A federal judge Thursday sentenced Jim Taricani, investigative reporter for NBC Universal-owned WJAR-TV Providence, R.I., to six months of home confinement after the reporter was convicted by a Rhode Island U.S. District Court Thursday of criminal contempt for refusing to reveal the identity of a source who gave him an FBI videotape related to an investigation of corruption in Providence's local government.
The sentence ends a three-year ordeal for Taricani, 55, who faced up to six months in prison.
The case took a wild turn last week when the source revealed himself.
Attorney Joseph Bevilacqua, a lawyer for one of the men convicted in the corruption scandal Taricani investigated three years ago, told a special prosecutor Nov. 24 that he had provided the reporter with an FBI undercover videotape of a mayor’s aide taking a bribe. However, Bevilacqua says he never asked the reporter to keep his identity confidential.
Taricani, who has had a heart transplant and pacemaker, bitterly denied that assertion, saying, “I would never have jeopardized my health and reputation, and put my family and my company through this ordeal, if my source had not required a promise of confidentiality.”
The Radio-Television News Directors Association called on Congress Thursday to pass a federal law shielding reporters for refusing to name a confidential source. "Jim Taricani has been placed in this position because the law does not recognize that reporters are obliged to protect the confidentiality of their sources," RTNDA President Barbara Cochran said in a statement.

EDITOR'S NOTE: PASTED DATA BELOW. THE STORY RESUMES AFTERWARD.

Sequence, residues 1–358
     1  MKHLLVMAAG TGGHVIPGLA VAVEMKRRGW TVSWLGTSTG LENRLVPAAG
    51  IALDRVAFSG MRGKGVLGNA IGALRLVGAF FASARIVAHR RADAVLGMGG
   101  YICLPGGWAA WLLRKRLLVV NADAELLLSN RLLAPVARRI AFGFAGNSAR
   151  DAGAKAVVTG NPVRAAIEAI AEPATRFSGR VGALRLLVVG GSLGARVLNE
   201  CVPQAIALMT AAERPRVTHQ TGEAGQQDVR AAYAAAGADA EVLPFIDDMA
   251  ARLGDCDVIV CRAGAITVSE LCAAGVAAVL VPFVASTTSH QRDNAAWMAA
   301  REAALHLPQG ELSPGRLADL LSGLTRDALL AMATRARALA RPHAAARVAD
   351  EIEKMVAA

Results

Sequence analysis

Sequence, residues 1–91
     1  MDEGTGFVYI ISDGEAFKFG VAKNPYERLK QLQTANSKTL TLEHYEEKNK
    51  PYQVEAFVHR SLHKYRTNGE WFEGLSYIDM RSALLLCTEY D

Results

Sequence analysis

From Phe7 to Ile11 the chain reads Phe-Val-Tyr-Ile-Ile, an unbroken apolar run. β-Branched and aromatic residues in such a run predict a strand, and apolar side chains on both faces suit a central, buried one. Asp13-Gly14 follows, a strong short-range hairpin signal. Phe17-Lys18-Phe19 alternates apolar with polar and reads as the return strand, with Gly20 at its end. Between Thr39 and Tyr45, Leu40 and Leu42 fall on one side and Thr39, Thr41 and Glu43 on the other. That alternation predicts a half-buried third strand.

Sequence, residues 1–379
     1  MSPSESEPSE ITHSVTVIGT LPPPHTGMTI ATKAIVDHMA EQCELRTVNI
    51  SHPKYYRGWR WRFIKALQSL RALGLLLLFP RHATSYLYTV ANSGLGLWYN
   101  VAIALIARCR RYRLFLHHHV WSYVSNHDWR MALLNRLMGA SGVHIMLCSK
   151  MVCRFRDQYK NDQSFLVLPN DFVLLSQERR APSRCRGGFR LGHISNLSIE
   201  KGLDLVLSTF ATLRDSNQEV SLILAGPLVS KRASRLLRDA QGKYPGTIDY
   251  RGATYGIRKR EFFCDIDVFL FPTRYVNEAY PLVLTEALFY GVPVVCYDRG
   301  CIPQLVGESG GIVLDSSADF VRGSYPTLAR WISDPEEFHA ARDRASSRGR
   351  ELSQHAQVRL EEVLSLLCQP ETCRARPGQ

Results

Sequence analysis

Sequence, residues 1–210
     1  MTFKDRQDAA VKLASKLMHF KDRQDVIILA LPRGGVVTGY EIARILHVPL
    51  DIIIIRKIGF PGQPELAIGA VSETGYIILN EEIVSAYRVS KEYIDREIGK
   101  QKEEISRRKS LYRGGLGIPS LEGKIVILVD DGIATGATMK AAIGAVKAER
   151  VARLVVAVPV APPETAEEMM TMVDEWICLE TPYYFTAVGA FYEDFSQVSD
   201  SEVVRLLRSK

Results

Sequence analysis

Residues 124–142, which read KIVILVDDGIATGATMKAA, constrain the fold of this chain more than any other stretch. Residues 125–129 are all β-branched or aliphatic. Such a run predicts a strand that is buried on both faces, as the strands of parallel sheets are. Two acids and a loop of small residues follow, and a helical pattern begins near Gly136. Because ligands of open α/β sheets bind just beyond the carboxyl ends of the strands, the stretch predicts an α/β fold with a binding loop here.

"An increasing number of journalists are facing loss of personal liberty because of their efforts to inform the public of wrongdoing. It is time for a federal shield law to protect reporters like Jim and those facing contempt of court rulings in other ongoing investigations." The odds of a federal law are considered long, however. Shield laws are in place in 31 states and the District of Columbia.
NBC Universal said in a statement: "We are relieved that he has been spared a potentially life-threatening prison sentence. Nonetheless, it is a sad day for journalism. The facts here do not justify punishing a journalist who did nothing illegal in receiving and airing a videotape. " NBC also called for a federal shield law.
In handing down the sentence, U.S. District Court Chief Judge Ernest C. Torres cited Taricani's health and years of good citizenship as mitigating factors.
Taricani still may face a stiff monetary penalty. The special prosecutor asked the court to force Taricani to repay costs of the investigation and the trial, reportedly more than $100,000 since mid-August alone.